"Armstrong suffered a fracture of the third medio of the right clavicle," the race organizers said after he had an X-ray at a hospital in the Spanish city of Valladolid.
"The collarbone is broken and I have a little bit of road-rash abrasions," Armstrong said as he left Valladolid University Hospital. "I've never had this happen before, it's pretty painful. I feel really miserable."
Most riders need about four weeks off the bicycle to recover from a broken collarbone. That would restrict Armstrong's training for the three-week Giro d'Italia, which starts May 9, and for his main goal, the Tour de France, which starts July 4.
"I think for the Tour, it's a very big problem," the Texan said when he left the hospital.
Armstrong, 37, was grimacing and holding his right shoulder as he was put into an ambulance after the crash during the Vuelta a Castilla y León.
He went down with about a dozen other riders on the first stage of the five-day race northwest of Madrid. As the others got back on their bicycles and sped off, Armstrong remained seated on the ground at the side of the road until help arrived.
He appeared to be the only rider seriously hurt.
Seven consecutive times the winner of the Tour de France, the Texan ended three years of retirement this winter by returning to races, first in Australia and then in the Tour of California. He rode most recently Saturday in the Milan-San Remo classic in Italy, finishing far back and looking less at ease than he did from 1999 through 2005, when he dominated the Tour de France.
In the Spanish race, he was near the back of the pack as it traveled on a road in poor condition about 15 kilometers, or 10 miles, from the finish.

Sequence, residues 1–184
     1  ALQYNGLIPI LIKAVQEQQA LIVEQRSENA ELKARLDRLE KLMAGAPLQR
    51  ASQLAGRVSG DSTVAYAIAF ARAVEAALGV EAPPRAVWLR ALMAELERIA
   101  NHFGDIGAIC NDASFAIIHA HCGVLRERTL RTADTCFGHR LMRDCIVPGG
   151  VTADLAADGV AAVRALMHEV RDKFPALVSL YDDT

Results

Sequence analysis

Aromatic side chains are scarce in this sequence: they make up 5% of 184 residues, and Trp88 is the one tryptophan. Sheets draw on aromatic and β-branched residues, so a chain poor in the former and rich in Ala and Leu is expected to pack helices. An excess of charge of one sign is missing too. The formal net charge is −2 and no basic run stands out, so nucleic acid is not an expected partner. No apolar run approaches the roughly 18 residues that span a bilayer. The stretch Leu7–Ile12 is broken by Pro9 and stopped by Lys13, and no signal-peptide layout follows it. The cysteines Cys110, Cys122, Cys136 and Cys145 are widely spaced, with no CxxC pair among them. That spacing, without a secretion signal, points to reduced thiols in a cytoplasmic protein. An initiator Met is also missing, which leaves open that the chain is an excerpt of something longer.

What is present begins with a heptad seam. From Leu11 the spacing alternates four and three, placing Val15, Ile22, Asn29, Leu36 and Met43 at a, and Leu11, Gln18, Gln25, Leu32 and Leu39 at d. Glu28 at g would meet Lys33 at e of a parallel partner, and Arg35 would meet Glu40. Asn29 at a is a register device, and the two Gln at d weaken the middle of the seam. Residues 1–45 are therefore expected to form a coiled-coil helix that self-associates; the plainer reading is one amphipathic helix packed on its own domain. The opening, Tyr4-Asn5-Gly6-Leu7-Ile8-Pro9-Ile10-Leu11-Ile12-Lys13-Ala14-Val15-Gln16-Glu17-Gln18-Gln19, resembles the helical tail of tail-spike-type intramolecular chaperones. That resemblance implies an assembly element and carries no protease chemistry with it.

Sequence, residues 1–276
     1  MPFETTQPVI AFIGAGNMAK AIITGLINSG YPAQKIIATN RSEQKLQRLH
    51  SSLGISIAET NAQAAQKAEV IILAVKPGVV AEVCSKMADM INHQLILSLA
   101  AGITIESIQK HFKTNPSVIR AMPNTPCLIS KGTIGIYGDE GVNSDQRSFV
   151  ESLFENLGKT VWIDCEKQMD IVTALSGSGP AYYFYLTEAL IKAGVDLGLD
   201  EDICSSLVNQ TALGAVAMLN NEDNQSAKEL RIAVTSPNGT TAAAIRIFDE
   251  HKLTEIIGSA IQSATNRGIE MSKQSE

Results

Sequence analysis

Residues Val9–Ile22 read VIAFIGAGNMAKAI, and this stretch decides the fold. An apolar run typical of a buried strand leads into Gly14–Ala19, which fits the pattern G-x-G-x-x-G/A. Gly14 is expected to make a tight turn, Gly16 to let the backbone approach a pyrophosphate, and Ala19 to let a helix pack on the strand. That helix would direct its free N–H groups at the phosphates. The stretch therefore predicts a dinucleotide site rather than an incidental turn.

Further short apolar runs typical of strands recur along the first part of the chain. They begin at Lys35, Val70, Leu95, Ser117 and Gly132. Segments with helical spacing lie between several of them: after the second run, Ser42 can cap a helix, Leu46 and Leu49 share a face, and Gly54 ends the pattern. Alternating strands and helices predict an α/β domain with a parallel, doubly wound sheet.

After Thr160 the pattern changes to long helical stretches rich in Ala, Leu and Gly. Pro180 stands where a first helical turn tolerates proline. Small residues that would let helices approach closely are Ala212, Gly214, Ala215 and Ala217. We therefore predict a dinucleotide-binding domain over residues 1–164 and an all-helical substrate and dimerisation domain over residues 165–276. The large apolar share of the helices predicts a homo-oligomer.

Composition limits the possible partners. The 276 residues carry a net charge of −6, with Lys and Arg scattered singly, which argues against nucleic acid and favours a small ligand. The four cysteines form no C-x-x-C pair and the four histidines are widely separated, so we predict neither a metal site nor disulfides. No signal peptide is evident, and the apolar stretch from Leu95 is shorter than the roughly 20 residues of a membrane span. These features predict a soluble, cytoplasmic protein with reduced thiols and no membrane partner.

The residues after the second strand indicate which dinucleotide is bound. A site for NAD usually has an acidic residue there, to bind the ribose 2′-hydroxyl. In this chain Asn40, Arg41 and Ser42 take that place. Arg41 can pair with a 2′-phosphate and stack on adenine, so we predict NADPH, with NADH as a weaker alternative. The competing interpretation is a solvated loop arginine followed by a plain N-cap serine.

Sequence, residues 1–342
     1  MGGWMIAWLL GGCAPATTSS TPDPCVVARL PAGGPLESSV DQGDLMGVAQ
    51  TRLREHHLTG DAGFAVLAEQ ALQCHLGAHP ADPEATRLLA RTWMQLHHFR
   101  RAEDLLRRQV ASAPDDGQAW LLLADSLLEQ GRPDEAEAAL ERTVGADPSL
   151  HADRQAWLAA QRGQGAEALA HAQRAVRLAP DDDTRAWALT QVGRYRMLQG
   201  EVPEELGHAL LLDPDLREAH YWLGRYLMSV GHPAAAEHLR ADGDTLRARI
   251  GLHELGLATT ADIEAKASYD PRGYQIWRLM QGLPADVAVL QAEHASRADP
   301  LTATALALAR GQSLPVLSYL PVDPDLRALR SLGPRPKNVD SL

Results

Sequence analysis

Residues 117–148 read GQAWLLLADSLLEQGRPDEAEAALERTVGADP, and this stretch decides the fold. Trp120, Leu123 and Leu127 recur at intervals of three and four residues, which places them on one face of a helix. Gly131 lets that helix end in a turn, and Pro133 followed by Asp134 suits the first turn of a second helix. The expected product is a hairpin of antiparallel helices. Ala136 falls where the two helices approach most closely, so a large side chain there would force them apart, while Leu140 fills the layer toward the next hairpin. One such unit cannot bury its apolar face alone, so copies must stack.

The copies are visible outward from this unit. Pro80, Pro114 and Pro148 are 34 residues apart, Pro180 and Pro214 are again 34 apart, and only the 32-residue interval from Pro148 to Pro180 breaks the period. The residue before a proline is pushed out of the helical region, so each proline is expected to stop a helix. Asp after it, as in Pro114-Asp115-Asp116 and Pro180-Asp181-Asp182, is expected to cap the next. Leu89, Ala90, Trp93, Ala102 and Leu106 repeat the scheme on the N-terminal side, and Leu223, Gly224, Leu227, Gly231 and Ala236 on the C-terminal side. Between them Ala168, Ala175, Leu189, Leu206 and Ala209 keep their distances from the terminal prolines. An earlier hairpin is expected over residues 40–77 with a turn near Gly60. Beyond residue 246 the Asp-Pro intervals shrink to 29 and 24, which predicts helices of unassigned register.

An American teammate, Levi Leipheimer, told VeloNews, a Web site, that he did not see the crash but that "It was on really narrow, bumpy roads. It was a pretty bad road, super-rough and narrow. The edges were deteriorating, with cracks and parts missing."
Just moments before, the race, as seen on television, had passed over smooth macadam. With the transition to a back-country surface, it appeared that some riders had clipped each other's wheels, causing the mass crash.
In his schedule for both the Giro and the Tour, Armstrong had not been penciled into the Vuelta a Castilla y León, but his program was changed because the race includes a time trial and two mountaintop finishes, both good preparation for the grand Tours.
In addition, it offered a chance to ride with his teammate, Alberto Contador, who won the Tour in 2007, while Armstrong was retired, and the Giro and Vuelta a España, the two other major long races, last year. Contador is also the defending champion in Castilla y León.
At age 26, Contador, a Spaniard, has never ridden with his Astana teammate Armstrong.
Their goals are similar victory in the Tour and a rivalry between them has become inevitable although both deny it.
To ensure that they did not compete before the Tour to determine who would be the team leader there and who would be a support rider, their schedules this spring were arranged to avoid confrontation.
Only a change early this month brought Armstrong into the Spanish race where he crashed Monday.
The Texan appeared to be critical of Contador a few weeks ago when the Spaniard lost a big lead in the Paris-Nice race and finished fourth.
"He's a big talent, but he still has a lot to learn," Armstrong said.
He added that Contador had to learn to use his team better.
That was one of his goals in entering Castilla y León, Armstrong explained to help Contador learn to be a strong leader. The Spaniard, who has brushed off any implication of rivalry, had no immediate comment on Armstrong's injury.
The Texan has been wary of predicting victory in the coming Tour. In a news conference before Milan-San Remo on Saturday, he said that his return as winner was not guaranteed.
He explained that he was confident he would attain a high level by July, but admitted that he could take for granted he would be the same rider he was.
"It's hard to say," he confessed. "In the past, I was always riding to win. We're not there yet. Frankly, I don't know if I will get back there.
"This experiment, if you want to call it that, has never been attempted before. Would I like to be? Yes, I'd like to be competitive.
"There are no guarantees," he continued. "Before, there were question marks each year, whether I was early or late in condition. The question mark is a bigger one now.
"We have nothing to compare it to. No one's ever come back from nearly four years and won again, no one who's almost 38 has done this before."
The broken collarbone now makes it seem even more unlikely.
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